Ecclestone admits bribe case could end F1 reign
Bernie Ecclestone has spoken for the first time about how his reign as Formula One’s chief executive could be threatened if he is charged in a bribery case in Germany surrounding the $1.6bn sale of the motor racing series to private equity firm CVC in 2006.
The case concerns a $44m bribe Mr. Ecclestone allegedly paid to a German banker, Gerhard Gribkowsky, to wave through the sale to CVC.
Mr. Ecclestone says CVC “will probably be forced to get rid of me if the Germans come after me. It’s pretty obvious, if I’m locked up”.
Since Mr. Gribkowsky’s arrest in January 2011, speculation has mounted that Mr. Ecclestone would face corruption charges.
However, although he is still being investigated by the Germans, he has not been charged.
He has admitted paying Mr. Gribkowsky but denies it was a bribe.
Instead, Mr. Ecclestone says the banker had threatened that if he were not paid, he would give HM Revenue & Customs alleged details of Mr. Ecclestone’s tax affairs.
Mr. Ecclestone’s comments follow a stinging attack last week by Ferrari chairman, Luca di Montezemolo, who said: “If Bernie is accused under process, I think he will be the first to give a step back in the interests of Formula One.”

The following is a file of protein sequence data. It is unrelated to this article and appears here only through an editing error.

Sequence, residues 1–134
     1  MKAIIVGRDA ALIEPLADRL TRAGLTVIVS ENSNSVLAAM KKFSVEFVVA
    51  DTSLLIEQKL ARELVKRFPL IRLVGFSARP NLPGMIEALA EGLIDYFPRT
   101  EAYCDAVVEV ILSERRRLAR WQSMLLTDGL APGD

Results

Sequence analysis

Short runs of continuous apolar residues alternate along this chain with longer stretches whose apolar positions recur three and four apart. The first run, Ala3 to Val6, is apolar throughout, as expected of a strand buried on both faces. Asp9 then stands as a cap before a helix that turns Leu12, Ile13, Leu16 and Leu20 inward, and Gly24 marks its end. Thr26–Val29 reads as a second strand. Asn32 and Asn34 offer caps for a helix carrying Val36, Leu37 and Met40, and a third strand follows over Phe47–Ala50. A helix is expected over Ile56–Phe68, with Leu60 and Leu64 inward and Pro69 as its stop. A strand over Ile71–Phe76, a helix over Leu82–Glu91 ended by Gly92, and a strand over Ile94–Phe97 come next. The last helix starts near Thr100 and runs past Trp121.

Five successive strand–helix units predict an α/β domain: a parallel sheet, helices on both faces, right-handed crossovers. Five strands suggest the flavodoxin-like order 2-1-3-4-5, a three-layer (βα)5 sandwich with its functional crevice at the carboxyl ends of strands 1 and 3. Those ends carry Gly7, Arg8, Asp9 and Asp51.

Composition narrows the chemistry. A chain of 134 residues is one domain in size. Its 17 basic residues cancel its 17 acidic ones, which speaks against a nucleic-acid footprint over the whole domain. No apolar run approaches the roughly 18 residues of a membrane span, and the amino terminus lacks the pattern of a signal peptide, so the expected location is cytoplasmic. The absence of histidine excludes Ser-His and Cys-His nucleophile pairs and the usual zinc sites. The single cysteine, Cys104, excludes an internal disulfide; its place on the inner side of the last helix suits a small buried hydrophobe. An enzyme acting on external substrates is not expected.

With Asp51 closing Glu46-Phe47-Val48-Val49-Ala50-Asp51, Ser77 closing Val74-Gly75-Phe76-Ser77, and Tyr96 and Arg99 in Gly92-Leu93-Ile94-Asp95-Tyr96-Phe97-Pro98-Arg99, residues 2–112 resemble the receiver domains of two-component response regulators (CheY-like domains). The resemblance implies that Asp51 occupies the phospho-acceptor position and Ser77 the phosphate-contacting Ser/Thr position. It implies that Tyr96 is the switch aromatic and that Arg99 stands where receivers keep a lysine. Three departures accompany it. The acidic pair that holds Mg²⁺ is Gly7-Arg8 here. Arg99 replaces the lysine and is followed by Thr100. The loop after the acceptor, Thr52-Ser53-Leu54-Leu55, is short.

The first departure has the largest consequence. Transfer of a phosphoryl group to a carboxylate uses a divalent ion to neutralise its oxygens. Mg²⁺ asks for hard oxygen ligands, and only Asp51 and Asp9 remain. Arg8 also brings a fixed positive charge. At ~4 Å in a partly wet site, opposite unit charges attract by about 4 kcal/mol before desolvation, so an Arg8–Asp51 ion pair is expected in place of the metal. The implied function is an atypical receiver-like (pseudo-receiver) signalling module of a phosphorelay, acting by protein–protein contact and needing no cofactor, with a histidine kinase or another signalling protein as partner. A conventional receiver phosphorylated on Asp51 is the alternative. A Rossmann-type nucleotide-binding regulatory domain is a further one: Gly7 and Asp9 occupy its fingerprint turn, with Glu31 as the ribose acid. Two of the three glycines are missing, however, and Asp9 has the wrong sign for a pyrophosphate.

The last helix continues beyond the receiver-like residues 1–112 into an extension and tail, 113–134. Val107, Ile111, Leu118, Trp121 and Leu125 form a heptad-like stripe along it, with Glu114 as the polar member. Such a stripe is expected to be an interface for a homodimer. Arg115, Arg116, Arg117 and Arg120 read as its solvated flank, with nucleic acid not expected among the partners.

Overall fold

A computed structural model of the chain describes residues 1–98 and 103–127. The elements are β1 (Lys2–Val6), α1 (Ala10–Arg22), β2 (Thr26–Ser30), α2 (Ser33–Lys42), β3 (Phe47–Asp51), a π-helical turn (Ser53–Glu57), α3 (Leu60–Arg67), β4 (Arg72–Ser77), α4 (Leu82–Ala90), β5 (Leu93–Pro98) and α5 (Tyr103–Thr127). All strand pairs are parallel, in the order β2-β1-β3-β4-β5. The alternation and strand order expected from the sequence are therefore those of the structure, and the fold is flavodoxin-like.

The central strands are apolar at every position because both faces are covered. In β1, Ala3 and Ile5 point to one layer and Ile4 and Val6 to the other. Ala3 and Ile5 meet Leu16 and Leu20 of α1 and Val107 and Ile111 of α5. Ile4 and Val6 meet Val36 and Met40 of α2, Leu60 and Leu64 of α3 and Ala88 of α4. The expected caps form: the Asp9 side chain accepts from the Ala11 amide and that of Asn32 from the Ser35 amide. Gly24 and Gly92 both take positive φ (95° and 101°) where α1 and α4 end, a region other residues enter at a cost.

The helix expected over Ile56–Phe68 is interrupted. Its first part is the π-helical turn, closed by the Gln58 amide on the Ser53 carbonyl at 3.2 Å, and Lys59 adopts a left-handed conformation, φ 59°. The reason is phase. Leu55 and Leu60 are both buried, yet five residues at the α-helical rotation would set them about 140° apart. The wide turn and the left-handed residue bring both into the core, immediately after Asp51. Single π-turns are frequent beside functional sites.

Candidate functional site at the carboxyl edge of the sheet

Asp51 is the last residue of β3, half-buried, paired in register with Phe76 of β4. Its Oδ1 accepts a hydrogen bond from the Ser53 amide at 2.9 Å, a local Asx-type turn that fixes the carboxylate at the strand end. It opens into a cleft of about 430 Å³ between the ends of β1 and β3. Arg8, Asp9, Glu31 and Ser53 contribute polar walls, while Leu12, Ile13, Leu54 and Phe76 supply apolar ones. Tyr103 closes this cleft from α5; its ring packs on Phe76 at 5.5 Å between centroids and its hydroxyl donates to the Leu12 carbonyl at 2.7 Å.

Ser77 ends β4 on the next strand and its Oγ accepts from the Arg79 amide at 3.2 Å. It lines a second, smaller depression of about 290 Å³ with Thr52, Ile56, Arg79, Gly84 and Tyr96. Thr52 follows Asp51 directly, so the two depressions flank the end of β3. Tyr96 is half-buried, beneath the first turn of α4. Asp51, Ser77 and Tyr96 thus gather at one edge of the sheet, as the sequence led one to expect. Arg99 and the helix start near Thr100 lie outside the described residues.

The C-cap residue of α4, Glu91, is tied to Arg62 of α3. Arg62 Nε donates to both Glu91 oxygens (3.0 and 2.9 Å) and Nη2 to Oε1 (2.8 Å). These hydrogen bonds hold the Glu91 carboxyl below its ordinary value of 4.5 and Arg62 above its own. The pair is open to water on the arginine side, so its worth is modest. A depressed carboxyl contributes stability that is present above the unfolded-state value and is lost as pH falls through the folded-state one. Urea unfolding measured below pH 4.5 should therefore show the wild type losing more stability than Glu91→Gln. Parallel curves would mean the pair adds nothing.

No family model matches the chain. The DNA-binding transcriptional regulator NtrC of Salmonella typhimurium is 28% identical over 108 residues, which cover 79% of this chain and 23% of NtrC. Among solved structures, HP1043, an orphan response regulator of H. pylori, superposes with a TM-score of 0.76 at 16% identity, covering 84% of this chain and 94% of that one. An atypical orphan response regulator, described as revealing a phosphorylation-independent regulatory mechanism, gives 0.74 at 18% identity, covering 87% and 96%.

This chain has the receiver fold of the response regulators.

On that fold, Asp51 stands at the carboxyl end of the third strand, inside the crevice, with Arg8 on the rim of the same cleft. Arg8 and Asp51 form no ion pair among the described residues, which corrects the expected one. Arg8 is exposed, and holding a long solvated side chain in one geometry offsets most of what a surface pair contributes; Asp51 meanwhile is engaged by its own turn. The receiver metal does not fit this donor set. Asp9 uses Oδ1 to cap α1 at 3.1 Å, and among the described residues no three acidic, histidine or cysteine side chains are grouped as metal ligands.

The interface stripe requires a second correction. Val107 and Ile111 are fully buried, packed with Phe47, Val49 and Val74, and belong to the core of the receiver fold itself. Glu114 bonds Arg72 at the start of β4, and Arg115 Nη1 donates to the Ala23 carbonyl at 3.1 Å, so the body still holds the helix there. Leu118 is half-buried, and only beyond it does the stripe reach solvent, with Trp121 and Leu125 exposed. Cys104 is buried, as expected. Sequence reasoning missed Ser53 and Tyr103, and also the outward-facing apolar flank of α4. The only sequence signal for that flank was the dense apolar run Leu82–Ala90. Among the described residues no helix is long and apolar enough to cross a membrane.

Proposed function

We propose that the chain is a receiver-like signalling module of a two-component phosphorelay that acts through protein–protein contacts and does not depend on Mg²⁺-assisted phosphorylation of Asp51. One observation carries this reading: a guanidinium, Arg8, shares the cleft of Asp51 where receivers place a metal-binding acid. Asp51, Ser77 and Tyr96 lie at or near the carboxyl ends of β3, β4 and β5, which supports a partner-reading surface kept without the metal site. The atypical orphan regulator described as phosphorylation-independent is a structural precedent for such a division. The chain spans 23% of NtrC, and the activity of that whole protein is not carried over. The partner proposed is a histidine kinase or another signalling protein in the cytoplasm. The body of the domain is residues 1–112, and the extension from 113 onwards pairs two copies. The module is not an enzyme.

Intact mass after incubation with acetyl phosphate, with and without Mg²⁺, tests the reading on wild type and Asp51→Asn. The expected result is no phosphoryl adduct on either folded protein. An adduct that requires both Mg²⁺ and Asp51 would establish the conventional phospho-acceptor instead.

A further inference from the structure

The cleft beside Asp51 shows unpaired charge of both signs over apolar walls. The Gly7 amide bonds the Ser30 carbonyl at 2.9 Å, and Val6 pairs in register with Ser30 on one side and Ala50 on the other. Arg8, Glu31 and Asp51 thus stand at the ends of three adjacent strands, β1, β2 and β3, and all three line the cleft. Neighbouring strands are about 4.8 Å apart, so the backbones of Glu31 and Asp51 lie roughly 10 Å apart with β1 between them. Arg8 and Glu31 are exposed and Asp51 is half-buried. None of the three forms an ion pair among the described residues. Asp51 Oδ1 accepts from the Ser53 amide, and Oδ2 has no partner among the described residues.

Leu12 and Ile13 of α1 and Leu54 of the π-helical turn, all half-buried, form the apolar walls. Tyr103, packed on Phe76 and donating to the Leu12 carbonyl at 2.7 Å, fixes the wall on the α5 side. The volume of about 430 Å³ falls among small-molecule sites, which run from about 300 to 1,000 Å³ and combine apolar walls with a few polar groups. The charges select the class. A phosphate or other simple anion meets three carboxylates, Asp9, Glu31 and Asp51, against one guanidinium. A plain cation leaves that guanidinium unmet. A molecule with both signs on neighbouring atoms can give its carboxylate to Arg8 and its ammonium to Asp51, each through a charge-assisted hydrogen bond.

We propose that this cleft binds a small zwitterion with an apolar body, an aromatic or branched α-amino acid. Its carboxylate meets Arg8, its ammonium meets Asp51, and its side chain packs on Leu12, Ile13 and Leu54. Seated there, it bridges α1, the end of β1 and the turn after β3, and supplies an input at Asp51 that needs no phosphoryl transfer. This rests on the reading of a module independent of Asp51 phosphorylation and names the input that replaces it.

He added: “The era of the one-man show cannot continue. We are slowly approaching the end of a period characterized by the style of one man who has done significant things.”
Earlier this year, it came to light that, as part of the plans for the stalled $10bn flotation of Formula One, CVC had engaged head-hunting agency Egon Zehnder to draft a short- list of potential replacements.
However, Mr. Ecclestone, 82, insists this doesn’t indicate that CVC has any intention of getting rid of him.
“They said they had hired a head-hunter to find somebody in the event that I was not going to be there – if I was going to die or something. It is the normal thing they do to keep people happy,” he told The Sunday Telegraph.
Mr. Ecclestone has run F1’s operating company, Formula One Management (FOM), for nearly 40 years.
“There is not a thing that goes on at FOM without his knowledge,” says long-time associate and three times F1 champion Sir Jackie Stewart.
“I can understand people saying [F1] is never going to manage without Bernie Ecclestone but the infrastructure is there. It’s all [at F1’s London HQ] in Belgravia and there’s a lot of people there with a lot of knowledge.”
Sir Jackie dismisses speculation from within F1 that Red Bull Racing boss Christian Horner will take over from Mr. Ecclestone, having steered his team to three championships since joining it in 2005.
“I doubt very much [Mr. Ecclestone’s replacement] will be anybody in the F1 paddock and I don’t think it should be. I think they should go out and head-hunt the best of all,” says Sir Jackie, who tips Ian Todd, president of ISG, the stadium financing firm that helped to fund Wembley. The Telegraph